Clearer weather conditions on Saturday made more work for wildland fire crews northwest of Canyon Creek, where officials say the 900-acre Rattlesnake fire is now 40 percent contained.
Sunnier skies warmed patches of scorched earth kept cool under Friday's cloud cover, reigniting spot fires and extending mop up operations now expected to keep firefighters busy well past Labor Day weekend.
More than 200 fire personnel -- including smokejumpers and hotshots -- have so far been deployed to the lightning-caused blaze roughly 30 miles northwest of Helena, which started early Thursday evening at the Triple 8 Ranch and grew quickly under shifting wind conditions that pushed the fire through grass and timber along dry, steep-sided gulches.
Pinkish orange fire retardant and the white shadows of flash-burned trees lined one such gully on the fire’s eastern edge, where crews a day earlier hoped to halt the burn’s progress at a ranching road winding up a hillside.
Just yards away, fire personnel manning bulldozers cut a ditch around a sagging, metal-roofed cabin -- preserving the only structure yet threatened by the fire.
Elsewhere, handcrews used axes and shovels to suffocate still smoky patches of brush and cow manure.
Kurt Hansen, a division supervisor with the Montana Department of Natural Resources and Conservation, said quickly spotting and quashing those smolder spots could prove critical to wrapping up work on the fire.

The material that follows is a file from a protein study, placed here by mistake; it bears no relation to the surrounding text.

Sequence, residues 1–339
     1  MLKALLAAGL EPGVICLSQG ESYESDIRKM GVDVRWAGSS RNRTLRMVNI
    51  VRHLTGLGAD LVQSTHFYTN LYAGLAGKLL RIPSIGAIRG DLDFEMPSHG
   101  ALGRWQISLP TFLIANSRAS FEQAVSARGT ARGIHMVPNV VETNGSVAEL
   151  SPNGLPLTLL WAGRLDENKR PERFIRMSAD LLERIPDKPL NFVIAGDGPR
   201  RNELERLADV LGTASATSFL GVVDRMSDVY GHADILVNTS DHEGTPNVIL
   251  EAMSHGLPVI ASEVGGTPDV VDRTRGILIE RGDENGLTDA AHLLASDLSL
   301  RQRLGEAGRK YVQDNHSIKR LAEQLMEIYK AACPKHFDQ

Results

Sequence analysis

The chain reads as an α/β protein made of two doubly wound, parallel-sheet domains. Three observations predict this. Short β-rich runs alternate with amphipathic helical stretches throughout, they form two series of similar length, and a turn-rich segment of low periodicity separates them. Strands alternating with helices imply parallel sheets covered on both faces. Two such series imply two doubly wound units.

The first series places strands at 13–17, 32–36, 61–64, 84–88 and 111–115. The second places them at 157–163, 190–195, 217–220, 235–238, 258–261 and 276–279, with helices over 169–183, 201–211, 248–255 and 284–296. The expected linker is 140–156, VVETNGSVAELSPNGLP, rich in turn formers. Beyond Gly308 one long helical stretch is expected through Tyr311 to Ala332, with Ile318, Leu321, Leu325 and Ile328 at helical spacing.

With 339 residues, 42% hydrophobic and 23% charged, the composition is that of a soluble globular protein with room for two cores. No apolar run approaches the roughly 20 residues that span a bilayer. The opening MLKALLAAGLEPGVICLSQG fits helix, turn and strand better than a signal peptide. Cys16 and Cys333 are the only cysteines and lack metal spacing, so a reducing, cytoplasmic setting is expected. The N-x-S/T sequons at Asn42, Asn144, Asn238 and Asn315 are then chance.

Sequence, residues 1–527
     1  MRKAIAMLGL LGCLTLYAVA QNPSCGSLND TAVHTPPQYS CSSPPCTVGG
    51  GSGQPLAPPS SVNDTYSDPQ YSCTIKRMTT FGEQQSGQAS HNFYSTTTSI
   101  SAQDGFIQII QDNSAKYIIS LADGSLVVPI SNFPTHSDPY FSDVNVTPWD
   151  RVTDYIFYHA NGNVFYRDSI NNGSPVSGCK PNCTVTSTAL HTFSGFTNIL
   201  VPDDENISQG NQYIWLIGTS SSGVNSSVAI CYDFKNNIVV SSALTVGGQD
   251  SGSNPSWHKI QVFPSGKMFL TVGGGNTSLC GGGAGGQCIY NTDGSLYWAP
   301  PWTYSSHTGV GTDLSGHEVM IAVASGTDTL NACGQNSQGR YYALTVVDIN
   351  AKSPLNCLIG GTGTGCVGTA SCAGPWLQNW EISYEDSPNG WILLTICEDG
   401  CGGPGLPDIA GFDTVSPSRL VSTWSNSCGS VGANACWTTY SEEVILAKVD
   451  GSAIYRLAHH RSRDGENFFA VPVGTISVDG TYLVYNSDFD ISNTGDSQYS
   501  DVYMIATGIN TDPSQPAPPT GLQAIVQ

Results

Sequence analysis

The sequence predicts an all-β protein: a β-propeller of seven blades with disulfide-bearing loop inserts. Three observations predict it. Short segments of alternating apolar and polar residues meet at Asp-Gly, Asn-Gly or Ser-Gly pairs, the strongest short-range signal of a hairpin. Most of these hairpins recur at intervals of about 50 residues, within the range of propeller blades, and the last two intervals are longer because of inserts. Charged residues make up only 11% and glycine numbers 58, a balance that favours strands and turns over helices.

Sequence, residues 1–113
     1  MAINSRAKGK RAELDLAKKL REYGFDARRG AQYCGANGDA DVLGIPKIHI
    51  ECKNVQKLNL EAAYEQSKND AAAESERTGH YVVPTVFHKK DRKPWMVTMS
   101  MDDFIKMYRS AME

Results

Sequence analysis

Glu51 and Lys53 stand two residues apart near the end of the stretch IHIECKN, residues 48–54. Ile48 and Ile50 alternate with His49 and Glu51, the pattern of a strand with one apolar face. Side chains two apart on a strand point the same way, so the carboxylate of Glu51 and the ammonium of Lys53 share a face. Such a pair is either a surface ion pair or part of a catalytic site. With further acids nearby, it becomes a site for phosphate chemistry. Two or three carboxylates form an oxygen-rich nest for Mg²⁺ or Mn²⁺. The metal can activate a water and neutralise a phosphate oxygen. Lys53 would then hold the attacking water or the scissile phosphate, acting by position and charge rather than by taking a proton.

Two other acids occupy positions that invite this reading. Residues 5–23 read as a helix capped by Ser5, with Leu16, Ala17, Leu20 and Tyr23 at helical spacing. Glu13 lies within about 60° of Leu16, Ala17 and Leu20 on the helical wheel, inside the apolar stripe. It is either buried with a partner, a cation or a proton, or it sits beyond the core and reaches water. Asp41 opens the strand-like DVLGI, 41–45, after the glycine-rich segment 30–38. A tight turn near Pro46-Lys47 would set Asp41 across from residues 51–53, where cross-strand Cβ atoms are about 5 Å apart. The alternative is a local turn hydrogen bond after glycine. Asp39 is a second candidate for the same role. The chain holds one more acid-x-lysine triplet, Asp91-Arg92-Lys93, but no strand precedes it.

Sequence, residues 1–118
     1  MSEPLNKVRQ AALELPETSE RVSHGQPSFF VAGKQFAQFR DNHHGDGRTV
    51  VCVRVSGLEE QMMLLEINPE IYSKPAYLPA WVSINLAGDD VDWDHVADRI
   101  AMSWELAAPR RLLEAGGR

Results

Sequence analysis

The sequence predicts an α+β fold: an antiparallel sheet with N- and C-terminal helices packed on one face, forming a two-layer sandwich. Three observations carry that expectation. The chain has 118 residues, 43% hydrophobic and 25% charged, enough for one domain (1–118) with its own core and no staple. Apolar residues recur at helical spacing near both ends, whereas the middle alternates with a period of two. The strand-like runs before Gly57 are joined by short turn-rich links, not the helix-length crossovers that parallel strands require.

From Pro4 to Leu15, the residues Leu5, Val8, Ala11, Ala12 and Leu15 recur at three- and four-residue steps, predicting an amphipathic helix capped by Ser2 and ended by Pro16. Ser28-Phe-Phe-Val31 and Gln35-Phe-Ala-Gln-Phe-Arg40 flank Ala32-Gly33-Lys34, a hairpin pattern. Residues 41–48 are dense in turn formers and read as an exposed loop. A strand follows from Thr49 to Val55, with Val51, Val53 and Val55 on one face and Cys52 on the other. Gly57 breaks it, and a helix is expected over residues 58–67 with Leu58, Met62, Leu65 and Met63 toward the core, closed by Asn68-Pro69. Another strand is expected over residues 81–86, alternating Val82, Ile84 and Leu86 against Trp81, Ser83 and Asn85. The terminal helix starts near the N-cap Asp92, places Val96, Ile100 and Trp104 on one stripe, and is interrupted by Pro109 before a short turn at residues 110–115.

“With the sunshine on it this morning, a lot of (spot fires) popped up,” Hansen said. “Just a couple hours of sunshine makes a huge difference.
“But it’s good in the sense that we’re able to find some stuff and do a better job doing the mop up. The flip side of that is because there was so much (spot fire activity) yesterday, we’re not sure we know where they’re all at yet.”
Supervisors nearly doubled the personnel assigned to the Rattlesnake fire overnight. State officials said that bump in manpower, coupled with rain forecast over the long weekend, could see crews on their way home by the end of the week.
Firefighters with a pair of state and federal agencies have joined their counterparts from Canyon Creek and Lewis and Clark County to battle the blaze. Their efforts are aided by four helicopters, three water tenders and more than a dozen fire engines.
Rattlesnake Gulch Road, Canyon Creek Wildlife Management Area and the Sieben Block Management Area all remained closed as of Saturday afternoon.